Creator’s Belmont: what does it mean for the classic division?

Titanic battle: Creator (left) and Destin fight out the Belmont finish with Lani in third. Photo:

After New York City weather forecasters predicted in assured tones on Friday that rain would pour down prior to the 148th running of the Belmont Stakes, the skies above Belmont Park finally opened at about 7 p.m. on Saturday evening.

Whether it arrived about 20 minutes late for Exaggerator is a debatable point, but there was no doubt the storm pelted the track after the outlook in the 3-year-old division had been muddied.

The $1.5 million Belmont figured to serve as the vehicle that motored Exaggerator past his absent rival, Kentucky Derby winner Nyquist, and into the top spot among this year’s crop of Triple Crown runners. After all, the Preakness winner was a solid 7-5 favorite over 12 rivals in the final jewel of the Triple Crown, and fatigue was waved off since his connections have continually marveled over the way the son of Curlin can rebound after tough efforts.

From all indications in the days before the race, the Belmont Stakes seemed destined to be the grand moment when Exaggerator finally could thump his chest like King Kong.

Yet that notion turned as soggy as the heads of anyone outside in the rain storm when the mile-and-a-half classic produced two startling results.

Exaggerator’s utterly puzzling no-show

At the finish, it was WinStar Farm and celebrity chef Bobby Flay’s Creator prevailing in the final bob over the Todd Pletcher-trained Destin as a 16-1 shot dramatically edged an 8-1 shot by a nose and the five-week Triple Crown trail resulted in the confusion of three separate winners for the first time since 2013.

“It’s the best feeling right now,” said winning trainer Steve Asmussen, who gave Creator five weeks rest after a troubled 13th place finish in the Kentucky Derby. “I think today was perfect for us by inches.”

Yet an even bigger surprise involved the scene of Exaggerator staggering home a soundly beaten 11th in the field of 13, some 14 lengths away from the dramatic slugfest at the finish line.

For a horse coming off a 3½-length win in the Preakness, with a second in the Kentucky Derby and a 6 ¼-length romp in the Santa Anita Derby prior to that, it was an utterly puzzling no-show when the spotlight finally belonged to him and him alone.

Were the fast track conditions to blame?

“I nursed him to the quarter pole and set him down, put him down for a mad drive and said, ‘Show me your stuff’, and there was nothing there,” said jockey Kent Desormeaux, who rode less than a week removed from his return after an eight-day stay in a Utah alcohol rehabilitation center following his Preakness triumph.

“By the time we got to the eighth pole, he was stepping on his tongue and I said that's enough. I’m not going to be fifth, I’m not going to be seventh. Let’s get him home. You can blame a million things after that effort but I just know going in he couldn’t have been a happier horse.”

The blame, in at least some minds, naturally figures to involve the fast track conditions. Exaggerator’s Preakness and Santa Anita Derby wins came on sloppy racetracks, and in four wet-track efforts in his 11-race career he owns three wins and a second.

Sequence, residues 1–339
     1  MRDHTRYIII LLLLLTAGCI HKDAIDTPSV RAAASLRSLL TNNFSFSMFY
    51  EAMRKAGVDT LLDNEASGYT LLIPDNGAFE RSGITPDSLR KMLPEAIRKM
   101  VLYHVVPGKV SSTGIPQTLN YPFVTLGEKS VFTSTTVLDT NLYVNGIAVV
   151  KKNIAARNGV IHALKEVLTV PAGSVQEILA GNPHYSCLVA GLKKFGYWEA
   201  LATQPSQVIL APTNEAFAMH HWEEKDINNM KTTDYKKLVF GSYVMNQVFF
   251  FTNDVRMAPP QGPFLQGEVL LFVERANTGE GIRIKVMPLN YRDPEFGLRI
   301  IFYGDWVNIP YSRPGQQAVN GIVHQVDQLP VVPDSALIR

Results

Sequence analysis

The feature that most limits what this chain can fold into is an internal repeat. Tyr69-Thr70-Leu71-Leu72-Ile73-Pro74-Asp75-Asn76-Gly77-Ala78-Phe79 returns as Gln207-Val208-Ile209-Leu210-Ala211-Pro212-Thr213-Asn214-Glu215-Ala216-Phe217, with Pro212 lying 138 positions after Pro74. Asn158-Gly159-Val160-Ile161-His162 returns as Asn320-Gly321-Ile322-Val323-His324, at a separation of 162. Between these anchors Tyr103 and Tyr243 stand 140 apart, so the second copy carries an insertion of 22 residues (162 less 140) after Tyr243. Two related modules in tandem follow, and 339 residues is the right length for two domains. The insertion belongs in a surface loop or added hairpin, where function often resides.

Searching for an answer as to what went wrong, Kent’s older brother, trainer Keith Desormeaux, admitted the tardy arrival of Mother Nature at Beautiful Belmont Park might have played some role in the outcome. Yet, as much as Exaggerator relishes slop, was a wet surface all he needed to ride a shuttle from 11th to the winner’s circle? As competitive as Exaggerator was in his last 10 starts on wet and dry tracks – finishing no worse than fourth in any of them – there’s no avoiding the stark reality that his lack of an earnest effort Saturday was a shocking first for him.

Interesting summer campaign ahead

“The Triple Crown might have caught up to him,” the 49-year-old trainer said. “We will have to see. When he pulled up, he didn’t look winded. I don’t know. We’ll have to figure it out. Maybe he was just struggling with the surface. A horse will come back less tired when they are struggling with the surface and won’t give their all. Maybe it’s as simple as that.

“I was hoping to dispel the sloppy track thing, but that has to come into play as well. I think it’s mostly Belmont is a deep, sandy surface and he might have had a little trouble with it.”

Meanwhile, as night fell on Belmont Park, the dawn of an interesting summer campaign is at hand with new players elbowing their way into the scene for face time in the upcoming Grade 1 summer classics.

Creator now has G1 wins in the Belmont Stakes and the Arkansas Derby sandwiched around his Kentucky Derby fiasco.

Ridden for the first time by rising 23-year-old star Irad Ortiz Jr., the stretch-running son of Tapit closed from 11th after the opening quarter-mile to take the Belmont in 2:28.51 for the 12 furlongs, and he may not be suited for a 9-furlong speed battle in the $1 million Haskell (July 31 at Monmouth Park). Yet he surely seems to have enough stamina to make his presence felt in a demanding mile-and-a-quarter test such as Saratoga’s $1.25 million Travers (Aug. 27).

Win ‘validated Creator’s whole career’

“I thought today the focus was for him to be on this stage to prove how good he was. With him doing that, we’ll definitely observe how much it took out of him and what’s best for him for the second half of the year,” said Asmussen, who will now enter racing’s Hall of Fame this summer with three Triple Crown wins to his credit (his other two being the Preaknesses of Curlin in 2007 and Rachel Alexandra in 2009).